According to other aspects of preferred embodiments, the shift redundancy control circuit comprises a first plurality of NAND gates having respective first inputs that receive respective bits of the multi-bit shift signal. The redundancy control circuit may also comprise a plurality of first inverters, with each of the first inverters having an input electrically coupled to an output of a respective NAND gate in the first plurality of NAND gates and an output electrically coupled to a second input of a respective NAND gate in the first plurality of NAND gates. The bit line pull-up control circuit may also comprise a second plurality of NAND gates, with each of the second plurality of NAND gates having first and second inputs electrically coupled to the second input and the output, respectively, of a respective NAND gate in the first plurality of NAND gates. In addition, the bit line pull-up control circuit may comprise a third plurality of NAND gates, with each of the third plurality of NAND gates having a first input electrically coupled to an output of a respective NAND gate in the second plurality of NAND gates and a second input that receives a bit line pull-up bank signal (e.g., BLPUBANK). An output of one of the third plurality of NAND gates is electrically connected to bit line pull-up transistors in a respective block of memory and an output of another of the third plurality of NAND gates is electrically connected to bit line pull-up transistors in another block of memory. In this manner, the bit line pull-up control circuit can be used to disable the bit line pull-up transistors in a block of “defective” memory and thereby prevent excessive power consumption that may occur if one or more defective bit lines therein is shorted to a ground or other reference potential, for example. Conventional techniques of reducing power consumption in defective memory blocks by blowing a relatively large number of fuses connected between a power supply potential and each of a plurality of bit lines can therefore be avoided.
Preferred embodiments of the present invention may also include methods of operating an integrated circuit memory device by decoding a first signal and disabling circuitry that controls pull-up of bit lines in a first block of memory if a decoded first signal designates replacement of the first block with another block. Additional methods may also include decoding a multi-bit shift signal as a first bit line control signal having a first logic state if a first block of memory is to be replaced by a second block of memory and generating an inactive bit line pull-up signal that disposes each of the bit lines in the first block of memory in a respective floating state if the first bit line control signal is in the first logic state.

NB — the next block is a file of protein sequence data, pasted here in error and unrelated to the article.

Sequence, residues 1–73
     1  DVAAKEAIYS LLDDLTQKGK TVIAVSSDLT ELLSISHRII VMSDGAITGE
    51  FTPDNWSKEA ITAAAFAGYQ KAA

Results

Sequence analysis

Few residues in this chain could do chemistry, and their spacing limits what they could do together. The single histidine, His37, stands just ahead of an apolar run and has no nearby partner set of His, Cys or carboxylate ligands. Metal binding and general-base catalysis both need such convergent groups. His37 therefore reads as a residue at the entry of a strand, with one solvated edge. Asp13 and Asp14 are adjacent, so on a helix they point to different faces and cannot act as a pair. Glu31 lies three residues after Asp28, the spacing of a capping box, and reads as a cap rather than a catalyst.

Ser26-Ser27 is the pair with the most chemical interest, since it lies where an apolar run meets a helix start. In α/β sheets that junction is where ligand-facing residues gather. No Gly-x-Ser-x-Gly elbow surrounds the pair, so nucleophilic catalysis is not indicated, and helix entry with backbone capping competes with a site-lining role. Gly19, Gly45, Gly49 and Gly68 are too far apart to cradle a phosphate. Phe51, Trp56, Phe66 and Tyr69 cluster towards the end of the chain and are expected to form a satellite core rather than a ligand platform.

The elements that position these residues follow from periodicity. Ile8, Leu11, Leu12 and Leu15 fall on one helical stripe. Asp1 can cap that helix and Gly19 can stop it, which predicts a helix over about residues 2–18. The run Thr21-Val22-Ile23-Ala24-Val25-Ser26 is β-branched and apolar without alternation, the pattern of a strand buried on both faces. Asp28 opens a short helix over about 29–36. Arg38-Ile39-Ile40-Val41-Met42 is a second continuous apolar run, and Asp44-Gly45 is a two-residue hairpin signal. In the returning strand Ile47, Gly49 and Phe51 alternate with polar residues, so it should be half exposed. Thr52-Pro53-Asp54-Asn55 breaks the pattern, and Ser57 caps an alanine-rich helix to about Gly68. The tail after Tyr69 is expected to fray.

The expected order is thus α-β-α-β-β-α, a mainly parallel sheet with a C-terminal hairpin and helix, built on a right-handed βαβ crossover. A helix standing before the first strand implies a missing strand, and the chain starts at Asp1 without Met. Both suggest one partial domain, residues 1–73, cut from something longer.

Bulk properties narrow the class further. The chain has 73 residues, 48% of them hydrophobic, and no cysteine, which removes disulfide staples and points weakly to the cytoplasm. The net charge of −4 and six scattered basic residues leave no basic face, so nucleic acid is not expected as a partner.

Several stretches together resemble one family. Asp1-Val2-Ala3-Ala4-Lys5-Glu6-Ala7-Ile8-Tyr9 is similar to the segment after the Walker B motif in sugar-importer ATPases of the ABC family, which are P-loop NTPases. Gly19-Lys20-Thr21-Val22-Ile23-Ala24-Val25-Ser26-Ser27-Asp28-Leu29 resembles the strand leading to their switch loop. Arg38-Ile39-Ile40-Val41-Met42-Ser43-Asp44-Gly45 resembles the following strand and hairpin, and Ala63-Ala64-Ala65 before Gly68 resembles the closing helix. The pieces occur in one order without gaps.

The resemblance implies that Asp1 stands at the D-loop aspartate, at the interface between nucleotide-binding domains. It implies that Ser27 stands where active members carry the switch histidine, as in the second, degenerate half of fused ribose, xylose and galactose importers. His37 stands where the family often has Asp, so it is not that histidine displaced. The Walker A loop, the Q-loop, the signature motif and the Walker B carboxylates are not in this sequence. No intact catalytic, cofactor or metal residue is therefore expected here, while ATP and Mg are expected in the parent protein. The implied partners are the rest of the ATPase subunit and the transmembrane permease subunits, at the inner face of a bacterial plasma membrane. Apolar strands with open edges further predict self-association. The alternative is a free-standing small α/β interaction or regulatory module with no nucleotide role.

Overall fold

FIG. 1 is an electrical schematic of a control circuit according to a preferred embodiment of the present invention.
FIGS. 2A-2J are electrical schematics that illustrate pull-up and equalization circuitry associated with respective memory blocks within a preferred memory bank.
FIG. 3 is an electrical schematic illustrating an array of pass gate column multiplexers having outputs electrically coupled to respective primary and redundant input/output lines (IO0, /IO0-IOR, /IOR). These pass gate column multiplexers may comprise a plurality of PMOS transistors and may be provided in a read path.
FIG. 4A is an electrical schematic of a preferred shift-IO routing circuit for true IO signals IO0-IOR. This routing circuit is responsive to the select signals (SEL0, /SEL0 to SEL8, /SEL8) of FIG. 1 and is preferably provided in the read path.
FIG. 4B is an electrical schematic of a preferred shift-IO routing circuit for complementary IO signals /IO0-/IOR. This routing circuit is responsive to the select signals (SEL0, /SEL0 to SEL8, /SEL8) of FIG. 1 and is preferably provided in the read path.
The present invention will now be described more fully hereinafter with reference to the accompanying drawings, in which preferred embodiments of the invention are shown. This invention may, however, be embodied in different forms and should not be construed as limited to the embodiments set forth herein. Rather, these embodiments are provided so that this disclosure will be thorough and complete, and will fully convey the scope of the invention to those skilled in the art. Like numbers refer to like elements throughout and signal lines and signals thereon may be referred to by the same reference symbols.
Referring now to FIG. 1, a preferred control circuit 100 that can replace an IO line of a defective memory block with another IO line of a functional memory block will be described. In particular, the control circuit 100 generates a multi-bit bit line pull-up signal (/BLPU_IO0 to /BLPU_IOR) in response to: (i) a bit line pull-up bank signal BLPUBANK, which may operate as a clock signal, and (ii) a multi-bit shift signal (/SHIFT0 to /SHIFT8). The control circuit 100 comprises a shift redundancy control circuit 110 that generates a plurality of true bit line select signals (SEL0 to SEL8) and a plurality of complementary bit line select signals (/SEL-1 to /SEL7). As illustrated, the shift redundancy control circuit 110 generates the true and complementary bit line select signals in response to the multi-bit shift signal (/SHIFT0-/SHIFT8). In particular, the multi-bit shift signal is provided to respective inputs of a first plurality of NAND gates NAND0-NAND8. The value of the multi-bit shift signal may be established using on-chip circuitry.